He might not have even been racing on Sunday, if not for Robbie Draughon of Redline Speed Shop for welding up a broken rack on his Camaro. Welding rod is hot, but the competition on the track was even hotter.
“I was perfect second round,” recalled Carpenter, but going down to the fourth digit put his and Arnold Smith’s identical .0005 reaction times behind Daniel Woodruff’s .0004. “Then I had to run Derrick Willard third round on my one entry, and he was perfect on me. I ain’t never seen so many double-oh’s. In 32 passes over the weekend, I had 21 double-oh’s. I couldn’t believe it. Everybody was killing the tree.”
Down to six cars, each winner was double-oh on the tree, including Carpenter, Woodruff, and Alford. Carpenter’s .004 was the best of the bunch, giving him the bye to the finals. Alford, this time driving Danny Lawson’s Mach 1, made his second final of the weekend after Woodruff bulbed it away with a -.003 foul. Alford tagged a .007 light, and with the win light already in hand, shut it off early.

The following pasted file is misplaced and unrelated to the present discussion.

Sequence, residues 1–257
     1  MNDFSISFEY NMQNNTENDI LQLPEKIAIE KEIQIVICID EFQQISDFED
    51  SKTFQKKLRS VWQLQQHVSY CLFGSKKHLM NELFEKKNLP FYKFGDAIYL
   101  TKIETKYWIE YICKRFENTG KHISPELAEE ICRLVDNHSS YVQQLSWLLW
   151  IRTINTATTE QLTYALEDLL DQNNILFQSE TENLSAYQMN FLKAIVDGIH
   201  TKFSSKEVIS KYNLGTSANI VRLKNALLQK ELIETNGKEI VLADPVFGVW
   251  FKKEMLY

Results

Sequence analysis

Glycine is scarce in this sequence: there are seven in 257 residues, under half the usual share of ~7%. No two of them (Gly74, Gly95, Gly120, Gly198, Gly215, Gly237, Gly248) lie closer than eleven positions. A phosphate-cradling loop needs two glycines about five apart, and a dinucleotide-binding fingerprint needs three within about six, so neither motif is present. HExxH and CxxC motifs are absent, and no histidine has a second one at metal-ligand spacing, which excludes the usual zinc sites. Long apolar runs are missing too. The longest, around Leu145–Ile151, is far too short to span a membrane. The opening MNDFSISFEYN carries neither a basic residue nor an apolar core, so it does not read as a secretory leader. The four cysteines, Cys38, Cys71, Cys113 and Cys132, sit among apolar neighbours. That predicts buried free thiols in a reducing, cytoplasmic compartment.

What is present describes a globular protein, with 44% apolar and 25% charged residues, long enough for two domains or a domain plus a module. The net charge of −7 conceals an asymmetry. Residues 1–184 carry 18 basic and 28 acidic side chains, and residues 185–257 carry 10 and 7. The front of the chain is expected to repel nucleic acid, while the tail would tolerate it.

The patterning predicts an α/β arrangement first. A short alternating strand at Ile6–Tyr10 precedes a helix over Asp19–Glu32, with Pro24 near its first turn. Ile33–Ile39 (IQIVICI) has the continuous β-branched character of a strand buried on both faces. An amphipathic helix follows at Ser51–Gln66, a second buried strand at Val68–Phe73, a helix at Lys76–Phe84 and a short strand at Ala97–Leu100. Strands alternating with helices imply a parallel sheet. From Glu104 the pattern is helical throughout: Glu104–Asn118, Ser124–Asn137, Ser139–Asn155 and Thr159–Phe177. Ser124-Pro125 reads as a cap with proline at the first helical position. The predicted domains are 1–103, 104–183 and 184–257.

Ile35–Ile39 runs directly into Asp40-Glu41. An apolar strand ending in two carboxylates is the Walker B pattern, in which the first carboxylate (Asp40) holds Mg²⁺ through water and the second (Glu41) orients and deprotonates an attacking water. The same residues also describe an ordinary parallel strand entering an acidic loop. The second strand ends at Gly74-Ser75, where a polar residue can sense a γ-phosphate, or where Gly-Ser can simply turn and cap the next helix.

Even with all of the runs he recorded on Sunday, Carpenter’s .021 in the final was only his second .02 bulb of the day. Alford trumped it with a .005 start, but took just .001 too much stripe. Carpenter ran a closer 5.996 (6.00) for the double-breakout win over Alford’s 5.405 (5.41).
“We’ve run before, but this was the first time in the finals. He’s a good guy. Richard’s taught me a lot over the years,” said Carpenter. “I live it, breathe it, love it. I still get giddy when the win light comes on.”
After the win, Carpenter drove back up the track.
“Larry Chapman does it when he wins. I knew he was down there on the line. When the win light came on, that’s the first thing I thought of.”